I cosigned my boyfriend’s mortgage, but I’m not on the deed. I didn’t want to marry again after a costly divorce. How do I protect myself?

Dear Quentin,

I went through a terrible divorce 15 years ago. I will finally be done paying off my ex-husband in July. My divorce was so costly, I have never remarried.

My boyfriend of 14 years was having financial problems and needed to refinance his house to pay off his debt. He couldn’t get approved without a cosigner. His brother wouldn’t cosign his home loan for him, so I stepped up and cosigned it. 

He put me in his will so the house goes to me in the event that he passes. I would be responsible for paying off the house, and any extra money would go to his brother. I am not on the deed for the house. Would this make it messy if he passes?

He was planning on refinancing once his income goes up, but now with interest rates so high, I don’t think that is going to happen. I have three children that I pay for, so I need to make sure that I am protecting myself.

Can you please advise me?

Mother, Ex-wife & Girlfriend

“Ironically, it would have probably made more sense to marry this man before cosigning on his mortgage; if he purchased the home during your marriage, it would likely have been deemed community/marital property.”

MarketWatch illustration

Dear MEG,

Get thee on the deed. Failing that…

The homeowner benefits from being a cosigner. It’s a one-way street. Or, given that it seems his brother will also be named in his will, it’s a three-way street. So you are responsible for his mortgage, and his brother gets 30% or 50% of the house? Your boyfriend holds all the cards. With you as cosigner, he buys a house and, presumably, snags a better interest rate. What do you get out of this? This is a question that you need to answer. It may help prevent you from putting other people’s wishes before your own in the future.

You boyfriend’s brother made a smart decision. This is one of those times I wish the question was, “Should I cosign my boyfriend’s mortgage?” My answer would have been no, but that’s a moot point now. Best-case scenario: Your boyfriend continues to pay off his loan and, in time, can refinance at a lower rate when rates eventually decline. Then you can ask him to remove you from the loan. I don’t recommend cosigning a loan without being on the deed — you are taking on the responsibility of paying off the loan with none of the ownership rights. 

Parents sometimes do it for their children, usually due to having a higher income and credit score. But if your relationship with your boyfriend goes south, or he falls on hard times, you could end up being on the hook for the monthly payments, including insurance and maintenance. If that happened, what would you do? Pay off a loan on a house that belongs to someone else for the next 30 years? Or allow the house to fall into foreclosure and take the hit to your credit score, assuming there will be enough equity to pay off the loan?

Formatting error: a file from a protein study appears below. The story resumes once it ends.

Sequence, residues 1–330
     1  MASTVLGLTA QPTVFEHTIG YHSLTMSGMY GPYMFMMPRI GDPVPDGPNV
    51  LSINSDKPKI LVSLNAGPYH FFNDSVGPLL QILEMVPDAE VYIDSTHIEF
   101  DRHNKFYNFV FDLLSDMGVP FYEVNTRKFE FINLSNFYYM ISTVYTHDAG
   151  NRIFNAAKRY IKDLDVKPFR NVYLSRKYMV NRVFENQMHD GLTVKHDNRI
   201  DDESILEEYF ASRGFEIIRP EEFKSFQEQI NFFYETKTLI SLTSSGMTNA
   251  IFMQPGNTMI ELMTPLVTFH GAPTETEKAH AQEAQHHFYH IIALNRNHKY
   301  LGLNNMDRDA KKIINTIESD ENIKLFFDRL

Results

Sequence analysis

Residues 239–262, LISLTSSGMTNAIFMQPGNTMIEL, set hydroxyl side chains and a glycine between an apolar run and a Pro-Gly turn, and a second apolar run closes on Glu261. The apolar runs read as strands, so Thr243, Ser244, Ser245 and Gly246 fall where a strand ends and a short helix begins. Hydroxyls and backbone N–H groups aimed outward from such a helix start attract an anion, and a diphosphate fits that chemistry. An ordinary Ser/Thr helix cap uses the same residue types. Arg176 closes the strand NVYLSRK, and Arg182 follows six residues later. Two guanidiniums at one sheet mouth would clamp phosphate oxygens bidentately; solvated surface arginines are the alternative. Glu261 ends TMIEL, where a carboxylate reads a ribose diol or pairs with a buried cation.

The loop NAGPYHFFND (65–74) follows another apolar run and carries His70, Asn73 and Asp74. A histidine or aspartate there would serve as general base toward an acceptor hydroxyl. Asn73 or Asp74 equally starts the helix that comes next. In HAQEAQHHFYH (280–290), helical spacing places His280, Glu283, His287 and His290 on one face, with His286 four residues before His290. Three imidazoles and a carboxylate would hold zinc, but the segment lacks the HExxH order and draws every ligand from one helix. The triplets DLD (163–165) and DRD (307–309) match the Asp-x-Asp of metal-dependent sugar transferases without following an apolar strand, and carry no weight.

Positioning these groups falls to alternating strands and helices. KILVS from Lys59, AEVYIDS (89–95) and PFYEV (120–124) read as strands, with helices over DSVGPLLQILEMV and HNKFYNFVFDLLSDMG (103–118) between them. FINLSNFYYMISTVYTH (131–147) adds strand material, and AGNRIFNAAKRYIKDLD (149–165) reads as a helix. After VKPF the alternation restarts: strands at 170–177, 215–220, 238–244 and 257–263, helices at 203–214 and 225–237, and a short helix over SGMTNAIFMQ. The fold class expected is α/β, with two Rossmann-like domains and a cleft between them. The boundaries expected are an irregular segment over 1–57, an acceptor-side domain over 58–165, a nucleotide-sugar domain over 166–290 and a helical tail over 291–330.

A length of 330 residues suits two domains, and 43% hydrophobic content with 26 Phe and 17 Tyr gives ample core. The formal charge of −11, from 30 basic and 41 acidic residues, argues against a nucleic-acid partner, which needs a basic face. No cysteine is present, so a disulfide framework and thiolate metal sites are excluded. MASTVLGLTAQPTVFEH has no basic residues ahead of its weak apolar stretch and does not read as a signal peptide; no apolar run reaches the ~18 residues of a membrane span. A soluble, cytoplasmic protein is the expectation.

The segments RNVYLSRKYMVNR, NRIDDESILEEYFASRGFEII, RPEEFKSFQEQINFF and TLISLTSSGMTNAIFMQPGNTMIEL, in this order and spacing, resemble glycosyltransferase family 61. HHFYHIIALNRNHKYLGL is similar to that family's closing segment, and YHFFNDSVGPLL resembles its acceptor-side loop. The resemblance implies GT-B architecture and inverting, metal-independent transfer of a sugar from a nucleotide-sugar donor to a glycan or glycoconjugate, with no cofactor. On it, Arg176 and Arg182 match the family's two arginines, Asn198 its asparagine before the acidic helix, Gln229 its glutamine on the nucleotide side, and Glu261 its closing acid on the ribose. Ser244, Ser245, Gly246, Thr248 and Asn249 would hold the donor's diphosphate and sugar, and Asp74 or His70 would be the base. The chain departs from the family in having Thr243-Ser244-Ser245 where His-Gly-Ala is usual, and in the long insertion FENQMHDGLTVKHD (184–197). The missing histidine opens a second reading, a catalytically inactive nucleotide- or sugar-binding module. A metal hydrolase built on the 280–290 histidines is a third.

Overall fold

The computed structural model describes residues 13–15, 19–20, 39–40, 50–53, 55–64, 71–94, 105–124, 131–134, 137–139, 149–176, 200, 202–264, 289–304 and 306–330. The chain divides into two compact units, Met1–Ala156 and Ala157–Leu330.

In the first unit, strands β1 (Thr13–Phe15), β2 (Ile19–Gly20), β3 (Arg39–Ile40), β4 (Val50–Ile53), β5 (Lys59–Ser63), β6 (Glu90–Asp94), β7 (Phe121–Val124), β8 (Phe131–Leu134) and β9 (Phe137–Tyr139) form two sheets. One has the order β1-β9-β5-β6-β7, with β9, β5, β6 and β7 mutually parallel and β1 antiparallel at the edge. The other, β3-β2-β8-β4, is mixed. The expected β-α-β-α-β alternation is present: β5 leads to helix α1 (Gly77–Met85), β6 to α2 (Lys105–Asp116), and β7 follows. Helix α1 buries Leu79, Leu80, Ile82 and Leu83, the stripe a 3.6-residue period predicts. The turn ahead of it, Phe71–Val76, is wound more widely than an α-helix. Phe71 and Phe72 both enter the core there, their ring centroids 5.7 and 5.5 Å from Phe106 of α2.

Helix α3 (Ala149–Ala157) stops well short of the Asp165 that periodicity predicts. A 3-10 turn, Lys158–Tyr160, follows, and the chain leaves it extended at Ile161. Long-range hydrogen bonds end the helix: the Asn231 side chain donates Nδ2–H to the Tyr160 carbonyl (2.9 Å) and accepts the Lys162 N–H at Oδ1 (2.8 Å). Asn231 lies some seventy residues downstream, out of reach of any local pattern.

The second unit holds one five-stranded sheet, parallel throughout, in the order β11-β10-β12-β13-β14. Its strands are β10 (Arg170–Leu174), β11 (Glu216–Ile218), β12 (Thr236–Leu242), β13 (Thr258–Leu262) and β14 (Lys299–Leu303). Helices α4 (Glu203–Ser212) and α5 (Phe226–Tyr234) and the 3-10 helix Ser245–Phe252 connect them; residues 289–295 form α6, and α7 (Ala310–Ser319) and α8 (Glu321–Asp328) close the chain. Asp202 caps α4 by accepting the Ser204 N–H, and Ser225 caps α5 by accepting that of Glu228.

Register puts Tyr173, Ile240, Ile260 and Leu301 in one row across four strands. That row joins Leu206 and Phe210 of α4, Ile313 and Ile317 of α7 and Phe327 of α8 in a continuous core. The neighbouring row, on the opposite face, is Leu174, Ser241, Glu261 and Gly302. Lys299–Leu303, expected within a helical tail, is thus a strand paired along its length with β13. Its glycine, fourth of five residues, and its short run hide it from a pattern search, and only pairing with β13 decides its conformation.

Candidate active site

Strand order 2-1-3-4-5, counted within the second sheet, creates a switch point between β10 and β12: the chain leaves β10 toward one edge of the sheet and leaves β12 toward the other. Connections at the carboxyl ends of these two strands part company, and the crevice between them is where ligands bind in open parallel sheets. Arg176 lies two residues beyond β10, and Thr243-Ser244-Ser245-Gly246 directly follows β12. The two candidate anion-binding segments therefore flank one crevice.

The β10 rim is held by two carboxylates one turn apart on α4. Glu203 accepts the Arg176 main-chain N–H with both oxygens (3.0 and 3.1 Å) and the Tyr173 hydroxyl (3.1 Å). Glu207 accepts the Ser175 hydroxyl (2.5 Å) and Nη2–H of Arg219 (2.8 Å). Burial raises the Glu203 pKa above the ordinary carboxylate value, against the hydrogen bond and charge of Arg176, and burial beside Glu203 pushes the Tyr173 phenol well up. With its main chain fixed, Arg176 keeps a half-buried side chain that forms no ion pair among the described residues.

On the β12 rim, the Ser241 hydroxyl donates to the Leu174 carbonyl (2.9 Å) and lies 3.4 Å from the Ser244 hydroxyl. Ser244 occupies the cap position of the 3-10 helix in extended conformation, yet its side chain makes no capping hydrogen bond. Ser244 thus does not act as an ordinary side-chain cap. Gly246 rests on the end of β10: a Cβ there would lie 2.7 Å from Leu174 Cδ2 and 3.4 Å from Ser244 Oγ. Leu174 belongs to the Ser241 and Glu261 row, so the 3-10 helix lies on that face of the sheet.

There are times I have said yes to people cosigning loans. This past summer, this woman wrote to me to ask whether she should cosign an $11,000 student loan for her sister. But I said yes because they were both caregivers to their mother before she passed away from cancer, and that experience had led her sister to become a nurse. I said yes because there was a 10-year age difference, and because she considered herself a “second mother” to her younger sibling, and because she was ultimately rewarding her sister for her commitment and work ethic, getting her over the finish line.

Your boyfriend can change his will unilaterally. You cannot do the same thing with this loan. You did not want to get married again because you were — I presume — reluctant to merge your finances with another man, particularly after being stung by your divorce. Ironically, it would probably have made more sense to marry this man before cosigning on his mortgage; if he purchased the home during your marriage, it would likely have been deemed community or marital property. As it stands, the house belongs solely to your boyfriend of 14 years.

If someone is having financial problems and needs to pay off debt, a bank will refuse to lend them money because they are deemed too high a risk. There’s a reason your boyfriend got into financial trouble, but now it has become your concern — because, as we have been told many times, the best predictor of future behavior is past behavior. So the best advice I have for you? Hang tight and support him in every way you can. At the first available opportunity, encourage him to refinance, and assure him you will be there to provide moral support.

The other part of this equation is you. You have just been released from your 15-year financial obligation to your ex-husband. What made you enter another financial obligation with your boyfriend? It’s not your job to save people. It’s not your job to prove your love by cosigning a mortgage. It’s not your job to show that you’re a good person or a nice person by acquiescing to your boyfriend’s request. You can say no and still be a good partner. You can still say no and look in the mirror and be proud of what you see. It’s OK to put your needs first.

You can email The Moneyist with any financial and ethical questions at qfottrell@marketwatch.com, and follow Quentin Fottrell on X, the platform formerly known as Twitter.

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Previous columns by Quentin Fottrell:

I’m 35 and mortgage-free. My boyfriend, 55, wants me to move into his house and help pay off his mortgage. What should I do?

My mother is guarantor on my brother’s mortgage — using her home as collateral. What happens if she dies?

‘I’ve been living inside a silent divorce’: I want a ‘kitchen-table’ separation from my husband without lawyers. Is that a good idea?

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